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Radical Simplicity: Small Footprints on a Finite Earth

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Imagine you are first in line at a potluck buffet. The spread includes not just food and water, but all the materials needed for shelter, clothing, healthcare, and education. How do you know how much to take? How much is enough to leave for your neighbors behind you—not just the six billion people, but the wildlife, and the as-yet-unborn?

In the face of looming ecological disaster, many people feel the need to change their own lifestyles as a tangible way of transforming our unsustainable culture. Radical Simplicity is the first book that guides the reader to a personal sustainability goal, then offers a process to monitor progress to a lifestyle that is equitable amongst all people, species, and generations. It employs three tools to help readers begin their customized journey to simplicity:

>It builds on steps from Your Money or Your Life so readers can design their own personal economics to save money, get free of debt, and align their work with their values.
It uses refined tools from Our Ecological Footprint so readers can measure how much nature is needed to supply all they consume and absorb their waste.
Combining lyrical narrative, compassionate advocacy, and absorbing science, Radical Simplicity is a practical, personal answer to twenty-first century challenges that will appeal as much to Cultural Creatives and students as to spiritual seekers, policy makers, and sustainability professionals.

Jim Merkel quit his job as a military engineer following the Exxon Valdez disaster and has since worked to develop tools for personal and societal sustainability. He founded the Global Living Project to further this work and conducts workshops around North America on this topic.

248 pages, Paperback

First published August 31, 2003

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Jim Merkel

11 books4 followers

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5 stars
92 (24%)
4 stars
116 (30%)
3 stars
113 (29%)
2 stars
46 (12%)
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13 (3%)
Displaying 1 - 30 of 50 reviews
Profile Image for Stefanie.
434 reviews15 followers
March 28, 2021
Not a breezy how-to book, this book asks you to do some thinking and calculations. It helps you figure out your current ecological footprint, what you would like your footprint to be, and then walks you through setting goals to get there.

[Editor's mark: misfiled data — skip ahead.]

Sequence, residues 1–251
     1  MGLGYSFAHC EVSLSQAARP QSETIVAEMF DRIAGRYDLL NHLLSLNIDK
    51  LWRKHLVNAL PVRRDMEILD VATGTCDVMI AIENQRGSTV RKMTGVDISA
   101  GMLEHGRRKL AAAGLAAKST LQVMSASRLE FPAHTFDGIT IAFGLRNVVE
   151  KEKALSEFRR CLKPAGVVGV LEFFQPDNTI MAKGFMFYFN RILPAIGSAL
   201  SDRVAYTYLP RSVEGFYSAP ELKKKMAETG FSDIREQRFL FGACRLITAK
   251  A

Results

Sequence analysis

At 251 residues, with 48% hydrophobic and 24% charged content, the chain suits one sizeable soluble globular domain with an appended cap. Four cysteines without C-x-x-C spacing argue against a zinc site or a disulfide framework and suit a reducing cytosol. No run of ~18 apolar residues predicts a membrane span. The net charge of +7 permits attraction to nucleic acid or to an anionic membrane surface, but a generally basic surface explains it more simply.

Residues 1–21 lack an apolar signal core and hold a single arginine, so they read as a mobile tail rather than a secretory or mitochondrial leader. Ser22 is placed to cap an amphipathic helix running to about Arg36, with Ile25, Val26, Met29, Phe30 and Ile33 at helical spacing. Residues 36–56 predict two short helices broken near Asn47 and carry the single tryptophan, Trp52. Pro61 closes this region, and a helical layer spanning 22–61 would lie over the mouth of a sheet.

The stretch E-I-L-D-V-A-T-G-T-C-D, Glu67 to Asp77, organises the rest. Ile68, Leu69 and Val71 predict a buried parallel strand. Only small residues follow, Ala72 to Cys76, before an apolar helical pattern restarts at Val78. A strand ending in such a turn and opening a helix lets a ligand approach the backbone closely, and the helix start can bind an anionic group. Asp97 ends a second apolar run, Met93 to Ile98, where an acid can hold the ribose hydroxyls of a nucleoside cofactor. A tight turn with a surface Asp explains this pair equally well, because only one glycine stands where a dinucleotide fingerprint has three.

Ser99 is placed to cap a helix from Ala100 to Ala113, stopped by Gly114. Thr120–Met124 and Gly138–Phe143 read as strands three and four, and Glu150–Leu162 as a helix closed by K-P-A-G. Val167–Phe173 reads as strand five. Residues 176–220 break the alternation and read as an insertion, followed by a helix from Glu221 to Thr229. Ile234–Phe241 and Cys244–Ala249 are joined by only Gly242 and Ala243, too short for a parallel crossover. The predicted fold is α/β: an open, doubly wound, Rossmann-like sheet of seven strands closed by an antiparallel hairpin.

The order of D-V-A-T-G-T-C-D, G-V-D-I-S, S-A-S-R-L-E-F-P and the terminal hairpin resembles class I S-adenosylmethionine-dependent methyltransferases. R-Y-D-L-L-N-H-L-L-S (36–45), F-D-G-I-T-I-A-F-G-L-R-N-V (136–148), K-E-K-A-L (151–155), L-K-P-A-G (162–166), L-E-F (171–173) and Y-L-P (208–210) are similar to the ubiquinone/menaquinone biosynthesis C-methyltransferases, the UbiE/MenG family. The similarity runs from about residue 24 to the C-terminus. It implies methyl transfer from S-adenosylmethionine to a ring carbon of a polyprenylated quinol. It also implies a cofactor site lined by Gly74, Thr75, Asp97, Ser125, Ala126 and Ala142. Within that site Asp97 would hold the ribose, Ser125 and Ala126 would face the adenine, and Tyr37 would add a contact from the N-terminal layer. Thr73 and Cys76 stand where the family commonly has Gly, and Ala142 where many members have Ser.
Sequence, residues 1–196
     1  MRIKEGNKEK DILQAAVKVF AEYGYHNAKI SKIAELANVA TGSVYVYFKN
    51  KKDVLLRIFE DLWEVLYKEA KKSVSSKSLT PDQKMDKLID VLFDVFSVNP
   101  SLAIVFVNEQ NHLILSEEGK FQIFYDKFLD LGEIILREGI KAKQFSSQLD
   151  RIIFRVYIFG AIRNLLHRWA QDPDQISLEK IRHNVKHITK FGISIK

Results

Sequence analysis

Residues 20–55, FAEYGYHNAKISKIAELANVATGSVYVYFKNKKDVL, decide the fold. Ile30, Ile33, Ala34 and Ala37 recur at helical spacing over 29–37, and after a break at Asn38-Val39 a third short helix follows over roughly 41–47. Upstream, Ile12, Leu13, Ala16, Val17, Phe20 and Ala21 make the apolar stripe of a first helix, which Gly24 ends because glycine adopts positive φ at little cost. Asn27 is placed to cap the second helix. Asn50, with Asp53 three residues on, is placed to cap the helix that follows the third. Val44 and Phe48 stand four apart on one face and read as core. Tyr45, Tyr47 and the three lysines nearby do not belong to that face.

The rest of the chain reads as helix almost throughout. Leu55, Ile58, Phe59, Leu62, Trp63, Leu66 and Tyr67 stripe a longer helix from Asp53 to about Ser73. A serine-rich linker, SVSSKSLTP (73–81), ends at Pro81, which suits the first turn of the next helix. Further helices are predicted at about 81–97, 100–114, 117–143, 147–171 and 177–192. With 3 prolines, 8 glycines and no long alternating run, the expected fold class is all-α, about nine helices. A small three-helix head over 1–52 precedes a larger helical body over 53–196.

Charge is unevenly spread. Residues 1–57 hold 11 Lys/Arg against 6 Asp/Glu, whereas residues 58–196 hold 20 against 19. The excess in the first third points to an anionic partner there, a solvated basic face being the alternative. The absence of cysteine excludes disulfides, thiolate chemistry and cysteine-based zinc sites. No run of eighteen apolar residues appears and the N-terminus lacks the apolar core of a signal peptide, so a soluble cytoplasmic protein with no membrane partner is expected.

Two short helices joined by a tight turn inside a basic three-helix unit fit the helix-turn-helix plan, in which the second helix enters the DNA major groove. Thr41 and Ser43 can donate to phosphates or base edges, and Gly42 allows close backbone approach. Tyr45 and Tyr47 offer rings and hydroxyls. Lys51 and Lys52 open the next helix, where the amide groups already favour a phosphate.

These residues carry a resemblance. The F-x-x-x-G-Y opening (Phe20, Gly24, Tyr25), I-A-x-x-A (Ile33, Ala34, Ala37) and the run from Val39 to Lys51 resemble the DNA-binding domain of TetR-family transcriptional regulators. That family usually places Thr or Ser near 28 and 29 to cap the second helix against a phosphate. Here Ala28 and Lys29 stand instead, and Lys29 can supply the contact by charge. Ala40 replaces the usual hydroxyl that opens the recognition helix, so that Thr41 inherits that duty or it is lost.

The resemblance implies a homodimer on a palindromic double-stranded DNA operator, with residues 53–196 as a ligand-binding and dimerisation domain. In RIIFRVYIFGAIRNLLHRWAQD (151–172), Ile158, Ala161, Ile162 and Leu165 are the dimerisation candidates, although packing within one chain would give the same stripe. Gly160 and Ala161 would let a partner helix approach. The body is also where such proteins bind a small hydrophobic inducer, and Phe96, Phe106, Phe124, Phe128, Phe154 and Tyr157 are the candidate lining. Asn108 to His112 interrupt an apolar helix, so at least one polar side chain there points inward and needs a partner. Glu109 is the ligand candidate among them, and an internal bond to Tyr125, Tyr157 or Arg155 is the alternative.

If the world were divided evenly between each person on earth, we would each get 4.7 acres to provide all of our needs. The average American uses 24 acres. So when Merkel talks about radical simplicity, he means radical. It is a process to scale back and bring one's life within sustainable parameters. It is not easy when the world is set up to make you fail.

Merkel's personal footprint is 3 acres and he says he is happier, more fulfilled, and lives a more abundant life on $5,000 a year than he did when he was a military engineer making six figures. He knows what he is talking about. He provides reasons, and tools and plenty of understanding and compassion. If you put the work in while reading the book, you will finish with a plan and be excited to implement it.
Profile Image for Mattheus Guttenberg.
Author 1 book10 followers
November 3, 2018
Radical Simplicity is both a persuasive case for a less-cluttered, ecologically-conscious mode of living and a set of tools to guide the readers toward that end. In this book, you will learn about ecological footprinting, financial footprinting (through Your Money or Your Life), and the benefits that come from living closer to Nature. Merkel lays out a compelling lifestyle: reduce your bloated, unconscious consumer habits and save money and natural resources by learning to live well on less. With an inspiring philosophy and plenty of practical ideas, Merkel's urgency toward ecologically-minded simple living is compelling. The author has a foot in both the environmentalist movement and the financial independence movement, making this book a treat for the reader in either camp.
Profile Image for Rebekah.
91 reviews15 followers
July 22, 2019
I'm really shocked to see this book essentially panned in reviews below. Having read and re-read this book multiple times since its publication, I find it to be as important and valuable now as ever.

Much of the criticism insists that what he suggests in order to reduce each of our footprints to a sustainable level moving forward is completely impossible for anyone in the real (American) world, especially the suggestion to only have one child.